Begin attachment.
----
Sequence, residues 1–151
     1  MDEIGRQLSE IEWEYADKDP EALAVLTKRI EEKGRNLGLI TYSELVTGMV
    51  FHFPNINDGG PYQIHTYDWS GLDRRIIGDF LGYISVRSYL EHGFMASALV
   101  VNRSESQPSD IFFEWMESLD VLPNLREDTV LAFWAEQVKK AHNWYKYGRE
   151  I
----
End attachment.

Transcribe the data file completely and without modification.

Sequence, residues 1–151
     1  MDEIGRQLSE IEWEYADKDP EALAVLTKRI EEKGRNLGLI TYSELVTGMV
    51  FHFPNINDGG PYQIHTYDWS GLDRRIIGDF LGYISVRSYL EHGFMASALV
   101  VNRSESQPSD IFFEWMESLD VLPNLREDTV LAFWAEQVKK AHNWYKYGRE
   151  I